Below I've included the best-rated and most recommended options for how to get to Cradle Mountain via a shuttle. However, if you want to compare more options, I recommend doing so on GetYourGuide or on Viator.
Organised day trip From Hobart
Although getting to Cradle Mountain is quite a stretch from Hobart, there is one reputable company that organises transport and day trips (return). The price includes your National Park entry ticket, air-conditioned vehicle transport and a flexible itinerary once you arrive.
The total time for this huge day trip is around 14-15 hours, which will give you plenty of time to explore the National Park and the early departure is perfect since you won't be wasting any precious daylight hours.
Organised Day trip from Launceston
The closer proximity between Launceston to Cradle Mountain means there are more options available for getting there on a day trip. The one I recommend is the highest-rated in Launceston and includes heaps more than just the transport.
- Hotel pickup and drop-off
- Transportation by comfortable minibus
- Professional guide with full commentary
- Several Guided Walks
- Entrance fee and National Parks Pass
- Water and light snacks
Organised day trip to from Burnie
Burnie is a great place to base yourself in Tasmania and luckily, a local here runs one of the best small-group tours that answers your question for how to get to Cradle Mountain from the north. Additionally, Burnie is a popular port for Tasmanian Cruise ships, making this particular tour popular for those stopping in the port town.
This is one of the most affordable options for getting to Cradle Mountain and since it's a small-group offering, itineraries are really flexible.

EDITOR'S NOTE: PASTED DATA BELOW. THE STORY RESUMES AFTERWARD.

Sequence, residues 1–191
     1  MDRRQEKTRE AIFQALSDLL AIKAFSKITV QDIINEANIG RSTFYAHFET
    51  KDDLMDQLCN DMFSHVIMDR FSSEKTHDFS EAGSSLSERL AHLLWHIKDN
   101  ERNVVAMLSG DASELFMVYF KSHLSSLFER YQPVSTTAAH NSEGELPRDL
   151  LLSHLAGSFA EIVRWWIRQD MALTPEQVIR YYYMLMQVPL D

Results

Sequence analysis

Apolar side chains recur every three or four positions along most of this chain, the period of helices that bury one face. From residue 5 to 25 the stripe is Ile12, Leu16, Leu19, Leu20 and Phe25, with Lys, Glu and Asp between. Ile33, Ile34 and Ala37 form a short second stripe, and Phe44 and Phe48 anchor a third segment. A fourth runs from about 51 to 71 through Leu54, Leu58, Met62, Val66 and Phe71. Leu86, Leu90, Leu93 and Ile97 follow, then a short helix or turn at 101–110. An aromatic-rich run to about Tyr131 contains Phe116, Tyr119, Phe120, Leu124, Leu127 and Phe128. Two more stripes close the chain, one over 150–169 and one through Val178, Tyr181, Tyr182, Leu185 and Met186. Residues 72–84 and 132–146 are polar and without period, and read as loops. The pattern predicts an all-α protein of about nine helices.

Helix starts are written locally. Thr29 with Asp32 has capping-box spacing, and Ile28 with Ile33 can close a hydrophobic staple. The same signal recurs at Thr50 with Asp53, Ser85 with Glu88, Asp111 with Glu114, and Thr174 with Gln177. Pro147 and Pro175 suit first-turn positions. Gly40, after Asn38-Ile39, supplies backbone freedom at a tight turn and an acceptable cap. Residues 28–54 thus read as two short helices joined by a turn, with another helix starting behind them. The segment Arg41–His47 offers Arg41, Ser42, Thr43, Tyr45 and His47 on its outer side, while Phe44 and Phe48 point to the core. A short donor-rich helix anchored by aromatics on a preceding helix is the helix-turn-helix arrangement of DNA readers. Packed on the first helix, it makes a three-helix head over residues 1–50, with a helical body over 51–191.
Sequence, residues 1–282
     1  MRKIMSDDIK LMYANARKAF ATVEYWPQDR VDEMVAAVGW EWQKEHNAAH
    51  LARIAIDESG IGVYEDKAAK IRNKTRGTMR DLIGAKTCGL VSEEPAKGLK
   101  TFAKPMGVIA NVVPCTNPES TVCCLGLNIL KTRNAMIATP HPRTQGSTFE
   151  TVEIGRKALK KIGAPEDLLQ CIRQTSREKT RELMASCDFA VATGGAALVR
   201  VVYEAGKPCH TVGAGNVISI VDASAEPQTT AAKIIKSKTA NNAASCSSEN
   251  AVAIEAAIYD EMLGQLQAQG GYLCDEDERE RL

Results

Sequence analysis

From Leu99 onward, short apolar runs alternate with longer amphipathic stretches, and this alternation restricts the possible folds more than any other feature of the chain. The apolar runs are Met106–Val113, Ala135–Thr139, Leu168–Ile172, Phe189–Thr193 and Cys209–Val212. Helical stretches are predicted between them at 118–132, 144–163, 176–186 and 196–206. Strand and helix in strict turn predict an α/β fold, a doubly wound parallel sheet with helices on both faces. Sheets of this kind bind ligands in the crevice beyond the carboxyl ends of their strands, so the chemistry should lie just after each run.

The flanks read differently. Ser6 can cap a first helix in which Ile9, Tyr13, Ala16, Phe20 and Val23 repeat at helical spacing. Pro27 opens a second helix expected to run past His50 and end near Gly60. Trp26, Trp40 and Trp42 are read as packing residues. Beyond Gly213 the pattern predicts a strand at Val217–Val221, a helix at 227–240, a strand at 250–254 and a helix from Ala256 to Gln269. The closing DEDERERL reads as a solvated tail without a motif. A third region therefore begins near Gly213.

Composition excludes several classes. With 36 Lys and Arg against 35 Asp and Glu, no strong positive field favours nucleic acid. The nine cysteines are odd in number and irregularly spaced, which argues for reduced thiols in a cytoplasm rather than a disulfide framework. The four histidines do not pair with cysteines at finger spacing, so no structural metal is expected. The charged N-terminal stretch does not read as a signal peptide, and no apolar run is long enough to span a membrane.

Option 3: Book a Private Charter to Cradle Mountain
If you'd rather organise your own private transport to Cradle Mountain, you can also book a private charter. You'll need to book this particular option online in advance and keep in mind that this is much more expensive than simply jumping on a shuttle (above).
Where to Stay - Accommodation Guide
Did you know that it's also possible to stay near Cradle Mountain? Since there's so much to do and explore here, spending at least a few days is a good bet! Below I've linked to the two best accommodation options closest to the National Park.
- Cradle Mountain Wilderness Village - Located right on the edge of the World Heritage Listed National Park, The Wilderness Village offers self-contained accommodation in a rainforest setting.In terms of distance to the park, this is as close as it gets. It's a 5-minute walk to the Visitor Centre and a 10-minute drive to the start of the popular Overland Track.
- Lemonthyme Wilderness Retreat - An award-winning boutique wilderness lodge with an on-site restaurant and is tucked away in a peaceful rainforest, approximately 40 minutes from the Cradle mountain National Park. This is a great retreat for travelers in Tasmania that want to get away from it all and spend some time in nature. Nearby you'll also find Bridal Veil and Champagne Falls– two of my favourite waterfalls in Tasmania.
FAQS About Getting to Cradle Mountain Tasmania
How Far is Cradle Mountain From Hobart?
The total drive from Hobart to Cradle Mountain is 330 km (4-5 hours).
How Far is Cradle Mountain From Launceston?
The total drive from Launceston to Cradle Mountain is 150 km (2.5 hours).
How Far is Cradle Mountain From Devonport?
The Total drive from Devonport to Cradle Mountain is 87 km (1.5 hours)
Best Tours and Activities to book at Cradle Mountain
Below is my hand-picked list of the best tours and activities available in the park. Since this is the most popular park in Tasmania, I highly recommend booking activities and guides online in advance to secure a spot.
More Tasmanian Travel Guides and Adventure Inspiration
I hope this blog post has helped answer your questions about how to get to Cradle Mountain in Tasmania. Before you head off, make sure to check out some of my other travel guides for more inspiration for the region. I've spent several months exploring this beautiful part of Australia and written dozens of details guides!